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Labor Market Status of Older Males in the United States, 1880-1940

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  • Chulhee Lee

Abstract

This paper examines the labor market status of older males in the era of industrialization, focusing on the question of how the extent of pressure toward retirement varied across different occupations, and how it changed over time. A comparison of hazard of retirement across occupations shows that men who had better occupations in terms of economic status and work conditions were less likely to retire than were those with poorer jobs. This result tends to reject the recent view that retirement was more voluntary than forced as early as a century ago. The difficulty faced by older workers in the labor market, as measured by the relative incidence of long-term unemployment, was relatively severe among craftsmen, operatives, and salesmen. In constrast, aged farmers, professionals, managers, and proprietors appear to have fared well in the labor market. The pattern of shifts in the occupational structure that occurred between 1880 and 1940 suggests that industrialization had brought a growth of the sectors in which the pressure toward departure from employment at old ages was relatively strong.

Suggested Citation

  • Chulhee Lee, 2003. "Labor Market Status of Older Males in the United States, 1880-1940," NBER Working Papers 9550, National Bureau of Economic Research, Inc.
  • Handle: RePEc:nbr:nberwo:9550
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    References listed on IDEAS

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    1. Robert William Fogel, 1993. "New Sources and New Techniques for the Study of Secular Trends in Nutritional Status, Health, Mortality, and the Process of Aging," NBER Historical Working Papers 0026, National Bureau of Economic Research, Inc.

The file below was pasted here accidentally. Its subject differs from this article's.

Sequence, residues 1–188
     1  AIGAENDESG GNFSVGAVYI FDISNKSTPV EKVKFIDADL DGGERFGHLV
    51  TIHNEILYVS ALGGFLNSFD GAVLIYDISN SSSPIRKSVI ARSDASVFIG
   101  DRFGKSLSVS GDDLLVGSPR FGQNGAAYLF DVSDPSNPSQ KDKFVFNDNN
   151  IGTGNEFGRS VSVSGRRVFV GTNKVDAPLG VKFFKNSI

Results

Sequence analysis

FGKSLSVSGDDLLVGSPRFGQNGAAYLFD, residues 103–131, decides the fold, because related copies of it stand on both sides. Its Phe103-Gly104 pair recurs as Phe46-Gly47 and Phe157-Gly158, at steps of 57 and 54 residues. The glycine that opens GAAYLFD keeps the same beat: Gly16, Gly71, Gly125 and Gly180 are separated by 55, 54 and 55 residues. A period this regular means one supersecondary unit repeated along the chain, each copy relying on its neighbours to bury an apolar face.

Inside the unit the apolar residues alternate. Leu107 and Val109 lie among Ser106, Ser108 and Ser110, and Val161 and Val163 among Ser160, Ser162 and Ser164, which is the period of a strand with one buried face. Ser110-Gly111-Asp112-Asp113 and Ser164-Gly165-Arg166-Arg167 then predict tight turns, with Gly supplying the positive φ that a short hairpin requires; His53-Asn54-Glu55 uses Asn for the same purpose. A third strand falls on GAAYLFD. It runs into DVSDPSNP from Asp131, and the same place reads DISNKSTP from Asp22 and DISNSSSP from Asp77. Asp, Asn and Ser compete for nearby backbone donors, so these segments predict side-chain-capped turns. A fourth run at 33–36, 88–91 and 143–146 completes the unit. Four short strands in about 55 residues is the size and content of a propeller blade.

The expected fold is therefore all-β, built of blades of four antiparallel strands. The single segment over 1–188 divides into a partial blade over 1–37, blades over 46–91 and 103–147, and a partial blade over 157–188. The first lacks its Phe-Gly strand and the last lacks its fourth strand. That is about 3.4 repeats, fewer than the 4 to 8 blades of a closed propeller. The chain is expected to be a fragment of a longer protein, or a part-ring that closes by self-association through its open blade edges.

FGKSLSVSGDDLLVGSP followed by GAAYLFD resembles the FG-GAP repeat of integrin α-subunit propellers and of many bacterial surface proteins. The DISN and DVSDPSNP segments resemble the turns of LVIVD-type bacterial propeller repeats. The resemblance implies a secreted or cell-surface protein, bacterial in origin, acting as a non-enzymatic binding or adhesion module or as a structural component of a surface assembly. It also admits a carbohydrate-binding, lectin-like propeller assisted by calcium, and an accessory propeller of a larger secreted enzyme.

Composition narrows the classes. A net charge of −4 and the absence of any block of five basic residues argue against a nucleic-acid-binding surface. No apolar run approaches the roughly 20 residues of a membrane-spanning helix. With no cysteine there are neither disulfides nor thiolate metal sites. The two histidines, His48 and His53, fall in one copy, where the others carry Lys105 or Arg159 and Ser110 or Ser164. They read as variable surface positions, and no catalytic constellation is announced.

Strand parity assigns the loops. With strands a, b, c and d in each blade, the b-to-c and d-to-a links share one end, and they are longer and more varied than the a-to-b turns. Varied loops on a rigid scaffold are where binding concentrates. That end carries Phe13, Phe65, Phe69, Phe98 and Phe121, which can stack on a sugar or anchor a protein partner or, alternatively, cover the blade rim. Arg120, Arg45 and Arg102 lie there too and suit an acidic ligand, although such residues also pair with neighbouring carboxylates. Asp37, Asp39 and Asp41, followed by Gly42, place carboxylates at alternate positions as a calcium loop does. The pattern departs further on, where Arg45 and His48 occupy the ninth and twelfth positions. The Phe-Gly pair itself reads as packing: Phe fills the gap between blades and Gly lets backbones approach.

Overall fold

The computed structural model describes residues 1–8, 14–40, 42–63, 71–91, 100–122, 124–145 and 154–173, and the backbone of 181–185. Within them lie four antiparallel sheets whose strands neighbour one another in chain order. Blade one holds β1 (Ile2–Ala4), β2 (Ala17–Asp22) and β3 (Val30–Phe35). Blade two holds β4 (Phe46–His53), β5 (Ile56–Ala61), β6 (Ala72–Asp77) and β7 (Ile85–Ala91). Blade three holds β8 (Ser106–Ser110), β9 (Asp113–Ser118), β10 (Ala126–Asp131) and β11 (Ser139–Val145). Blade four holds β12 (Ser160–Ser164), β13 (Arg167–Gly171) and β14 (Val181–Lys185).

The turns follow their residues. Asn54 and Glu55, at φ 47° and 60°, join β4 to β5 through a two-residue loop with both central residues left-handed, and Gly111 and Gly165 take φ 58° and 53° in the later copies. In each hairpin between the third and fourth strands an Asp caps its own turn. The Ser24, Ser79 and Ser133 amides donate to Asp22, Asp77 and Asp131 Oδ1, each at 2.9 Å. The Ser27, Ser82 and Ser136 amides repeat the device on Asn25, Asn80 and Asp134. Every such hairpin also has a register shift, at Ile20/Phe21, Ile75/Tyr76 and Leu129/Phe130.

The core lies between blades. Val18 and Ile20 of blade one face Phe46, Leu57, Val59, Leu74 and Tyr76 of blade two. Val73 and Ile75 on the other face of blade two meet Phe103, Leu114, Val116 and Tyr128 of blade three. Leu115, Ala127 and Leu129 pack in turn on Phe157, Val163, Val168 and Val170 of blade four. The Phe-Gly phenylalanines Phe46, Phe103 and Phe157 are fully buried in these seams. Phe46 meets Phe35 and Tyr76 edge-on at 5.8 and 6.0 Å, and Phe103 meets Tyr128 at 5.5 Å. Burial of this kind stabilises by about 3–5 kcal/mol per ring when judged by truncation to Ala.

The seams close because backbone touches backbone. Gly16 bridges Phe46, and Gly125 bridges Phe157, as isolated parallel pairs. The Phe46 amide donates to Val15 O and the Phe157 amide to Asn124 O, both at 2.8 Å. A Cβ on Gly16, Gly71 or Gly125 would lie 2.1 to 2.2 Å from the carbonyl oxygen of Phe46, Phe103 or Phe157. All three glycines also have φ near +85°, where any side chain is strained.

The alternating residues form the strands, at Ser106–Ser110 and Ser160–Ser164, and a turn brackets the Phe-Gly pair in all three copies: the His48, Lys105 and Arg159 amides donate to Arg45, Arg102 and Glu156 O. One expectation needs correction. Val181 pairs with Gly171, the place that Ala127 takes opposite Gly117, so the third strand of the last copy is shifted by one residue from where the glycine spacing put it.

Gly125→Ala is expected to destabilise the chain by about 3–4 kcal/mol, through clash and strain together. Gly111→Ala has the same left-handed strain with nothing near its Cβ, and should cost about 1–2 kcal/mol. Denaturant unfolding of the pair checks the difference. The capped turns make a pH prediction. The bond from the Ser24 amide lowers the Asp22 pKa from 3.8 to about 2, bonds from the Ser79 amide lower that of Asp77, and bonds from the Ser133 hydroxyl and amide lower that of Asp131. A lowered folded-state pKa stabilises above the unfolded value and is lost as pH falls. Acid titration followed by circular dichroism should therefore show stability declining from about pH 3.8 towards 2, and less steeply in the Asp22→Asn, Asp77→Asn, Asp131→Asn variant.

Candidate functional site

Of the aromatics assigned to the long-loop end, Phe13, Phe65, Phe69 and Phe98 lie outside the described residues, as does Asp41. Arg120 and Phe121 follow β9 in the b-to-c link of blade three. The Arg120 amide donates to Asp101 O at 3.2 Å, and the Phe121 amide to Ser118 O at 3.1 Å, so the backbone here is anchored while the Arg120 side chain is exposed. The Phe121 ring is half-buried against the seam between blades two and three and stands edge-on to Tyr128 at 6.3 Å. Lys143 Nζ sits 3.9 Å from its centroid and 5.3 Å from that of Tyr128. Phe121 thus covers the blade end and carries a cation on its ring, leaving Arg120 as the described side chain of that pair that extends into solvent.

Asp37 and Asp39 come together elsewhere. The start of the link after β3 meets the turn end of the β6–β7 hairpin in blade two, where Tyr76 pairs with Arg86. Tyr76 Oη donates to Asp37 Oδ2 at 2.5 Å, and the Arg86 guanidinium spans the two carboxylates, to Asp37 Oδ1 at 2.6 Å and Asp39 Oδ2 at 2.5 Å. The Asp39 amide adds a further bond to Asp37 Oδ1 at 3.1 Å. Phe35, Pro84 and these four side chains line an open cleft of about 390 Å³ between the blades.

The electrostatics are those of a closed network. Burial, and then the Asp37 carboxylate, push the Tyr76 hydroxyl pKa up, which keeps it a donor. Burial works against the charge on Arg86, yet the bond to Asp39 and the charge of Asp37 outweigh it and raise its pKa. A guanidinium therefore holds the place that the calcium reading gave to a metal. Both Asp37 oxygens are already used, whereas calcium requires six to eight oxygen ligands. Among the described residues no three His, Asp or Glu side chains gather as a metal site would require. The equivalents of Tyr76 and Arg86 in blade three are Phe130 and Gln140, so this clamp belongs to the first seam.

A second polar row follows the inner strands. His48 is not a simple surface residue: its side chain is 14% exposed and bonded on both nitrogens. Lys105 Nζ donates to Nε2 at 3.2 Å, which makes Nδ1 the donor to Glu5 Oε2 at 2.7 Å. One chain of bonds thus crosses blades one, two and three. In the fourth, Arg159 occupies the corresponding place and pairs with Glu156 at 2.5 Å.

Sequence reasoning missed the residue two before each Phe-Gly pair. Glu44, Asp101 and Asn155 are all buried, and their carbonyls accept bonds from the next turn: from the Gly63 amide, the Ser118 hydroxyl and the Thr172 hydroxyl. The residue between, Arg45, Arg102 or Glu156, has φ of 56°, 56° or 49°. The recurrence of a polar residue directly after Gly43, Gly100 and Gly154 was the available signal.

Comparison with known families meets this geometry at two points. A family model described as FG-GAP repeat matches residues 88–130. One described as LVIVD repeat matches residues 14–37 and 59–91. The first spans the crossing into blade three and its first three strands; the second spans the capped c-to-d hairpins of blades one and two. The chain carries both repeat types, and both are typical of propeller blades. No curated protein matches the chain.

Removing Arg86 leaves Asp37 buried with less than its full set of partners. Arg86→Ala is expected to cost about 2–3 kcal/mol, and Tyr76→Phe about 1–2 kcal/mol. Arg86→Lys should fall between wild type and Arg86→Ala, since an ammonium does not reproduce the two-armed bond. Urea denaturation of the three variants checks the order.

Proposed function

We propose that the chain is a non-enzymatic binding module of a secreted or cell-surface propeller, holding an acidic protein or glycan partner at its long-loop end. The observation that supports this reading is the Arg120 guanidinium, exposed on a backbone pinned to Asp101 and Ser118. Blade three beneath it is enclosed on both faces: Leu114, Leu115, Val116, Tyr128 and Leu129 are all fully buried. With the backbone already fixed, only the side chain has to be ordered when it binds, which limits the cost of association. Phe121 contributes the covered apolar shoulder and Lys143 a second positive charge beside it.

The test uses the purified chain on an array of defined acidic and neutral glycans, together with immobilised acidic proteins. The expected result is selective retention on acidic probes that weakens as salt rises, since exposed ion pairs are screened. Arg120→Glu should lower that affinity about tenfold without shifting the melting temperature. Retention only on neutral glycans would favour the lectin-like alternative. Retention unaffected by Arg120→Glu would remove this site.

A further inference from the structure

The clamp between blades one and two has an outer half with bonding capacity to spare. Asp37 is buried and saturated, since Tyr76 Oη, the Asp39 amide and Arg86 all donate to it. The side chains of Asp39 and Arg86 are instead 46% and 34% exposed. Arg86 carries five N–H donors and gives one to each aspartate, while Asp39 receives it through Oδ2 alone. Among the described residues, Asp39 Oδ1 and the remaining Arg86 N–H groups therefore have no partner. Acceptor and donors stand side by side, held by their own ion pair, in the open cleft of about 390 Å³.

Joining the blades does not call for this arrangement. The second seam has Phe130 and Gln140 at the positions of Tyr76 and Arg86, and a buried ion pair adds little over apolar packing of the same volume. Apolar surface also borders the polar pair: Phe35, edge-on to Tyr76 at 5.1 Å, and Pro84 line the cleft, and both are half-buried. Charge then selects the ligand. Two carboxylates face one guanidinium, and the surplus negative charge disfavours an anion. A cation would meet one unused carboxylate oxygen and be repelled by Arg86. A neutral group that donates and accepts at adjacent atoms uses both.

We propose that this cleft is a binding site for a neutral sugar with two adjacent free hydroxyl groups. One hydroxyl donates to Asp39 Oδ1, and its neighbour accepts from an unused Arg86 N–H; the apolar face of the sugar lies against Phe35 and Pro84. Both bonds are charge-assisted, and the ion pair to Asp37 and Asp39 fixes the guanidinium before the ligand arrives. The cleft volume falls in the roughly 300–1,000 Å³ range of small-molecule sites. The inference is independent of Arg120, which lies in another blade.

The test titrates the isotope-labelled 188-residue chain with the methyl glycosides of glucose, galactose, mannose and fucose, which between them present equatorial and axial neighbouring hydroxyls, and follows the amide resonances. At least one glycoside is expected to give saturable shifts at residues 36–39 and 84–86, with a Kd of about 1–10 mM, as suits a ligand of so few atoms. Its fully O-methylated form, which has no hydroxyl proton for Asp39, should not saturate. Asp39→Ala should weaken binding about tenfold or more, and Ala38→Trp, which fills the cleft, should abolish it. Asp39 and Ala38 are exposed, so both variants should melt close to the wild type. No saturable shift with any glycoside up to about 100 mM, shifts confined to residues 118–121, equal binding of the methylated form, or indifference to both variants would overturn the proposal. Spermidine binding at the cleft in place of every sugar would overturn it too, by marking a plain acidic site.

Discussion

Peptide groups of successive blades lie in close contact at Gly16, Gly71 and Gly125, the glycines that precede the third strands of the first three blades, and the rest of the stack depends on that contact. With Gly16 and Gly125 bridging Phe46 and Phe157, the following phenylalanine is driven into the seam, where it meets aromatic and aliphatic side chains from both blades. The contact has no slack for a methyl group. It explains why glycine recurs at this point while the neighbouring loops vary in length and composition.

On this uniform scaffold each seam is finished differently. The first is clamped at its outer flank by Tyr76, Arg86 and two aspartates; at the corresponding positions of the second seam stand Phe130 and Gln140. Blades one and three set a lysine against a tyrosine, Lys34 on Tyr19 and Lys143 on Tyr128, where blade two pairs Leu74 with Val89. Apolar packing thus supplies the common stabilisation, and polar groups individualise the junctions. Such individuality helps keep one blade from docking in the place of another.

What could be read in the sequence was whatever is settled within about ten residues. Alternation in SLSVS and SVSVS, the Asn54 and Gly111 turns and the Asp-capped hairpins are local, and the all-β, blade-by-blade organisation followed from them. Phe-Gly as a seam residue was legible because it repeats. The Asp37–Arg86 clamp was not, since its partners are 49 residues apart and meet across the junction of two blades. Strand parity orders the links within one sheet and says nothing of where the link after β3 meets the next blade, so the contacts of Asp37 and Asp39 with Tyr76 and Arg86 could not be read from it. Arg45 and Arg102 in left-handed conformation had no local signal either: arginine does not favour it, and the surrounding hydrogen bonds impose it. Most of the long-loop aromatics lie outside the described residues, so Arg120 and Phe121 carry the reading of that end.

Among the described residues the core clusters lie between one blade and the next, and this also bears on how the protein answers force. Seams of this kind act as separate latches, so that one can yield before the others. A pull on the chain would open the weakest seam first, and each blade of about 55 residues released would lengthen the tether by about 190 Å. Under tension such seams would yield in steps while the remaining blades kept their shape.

2. Costa, Dora L., 1998. "The Evolution of Retirement," National Bureau of Economic Research Books, University of Chicago Press, edition 1, number 9780226116082, December.
    3. Costa Dora L., 1995. "Agricultural Decline and the Secular Rise in Male Retirement Rates," Explorations in Economic History, Elsevier, vol. 32(4), pages 540-552, October.
    4. Moen, Jon, 1987. "The Labor of Older Men: A Comment," The Journal of Economic History, Cambridge University Press, vol. 47(03), pages 761-767, September.
    5. Boskin, Michael J, 1977. "Social Security and Retirement Decisions," Economic Inquiry, Western Economic Association International, vol. 15(1), pages 1-25, January.
    6. Simon Kuznets, 1933. "Seasonal Variations in Industry and Trade," NBER Books, National Bureau of Economic Research, Inc, number kuzn33-1.
    7. Lee, Chulhee, 1998. "Long-Term Unemployment and Retirement in Early-Twentieth-Century America," The Journal of Economic History, Cambridge University Press, vol. 58(03), pages 844-856, September.
    8. Lee, Chulhee, 1999. "Farm Value and Retirement of Farm Owners in Early-Twentieth-Century America," Explorations in Economic History, Elsevier, vol. 36(4), pages 387-408, October.
    9. Dora L. Costa, 1995. "Pensions and Retirement: Evidence from Union Army Veterans," The Quarterly Journal of Economics, Oxford University Press, vol. 110(2), pages 297-319.
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    Cited by:

    1. Chulhee Lee, 2009. "Technological Changes and Employment of Older Manufacturing Workers in Early Twentieth Century America," NBER Working Papers 14746, National Bureau of Economic Research, Inc.
    2. Teresa Ghilarducci, Amanda Novello, 2017. "The Labor Consequences of Financializing Pensions," SCEPA working paper series. SCEPA's main areas of research are macroeconomic policy, inequality and poverty, and globalization. 2017-05, Schwartz Center for Economic Policy Analysis (SCEPA), The New School.

    More about this item

    JEL classification:

    • J21 - Labor and Demographic Economics - - Demand and Supply of Labor - - - Labor Force and Employment, Size, and Structure
    • N3 - Economic History - - Labor and Consumers, Demography, Education, Health, Welfare, Income, Wealth, Religion, and Philanthropy

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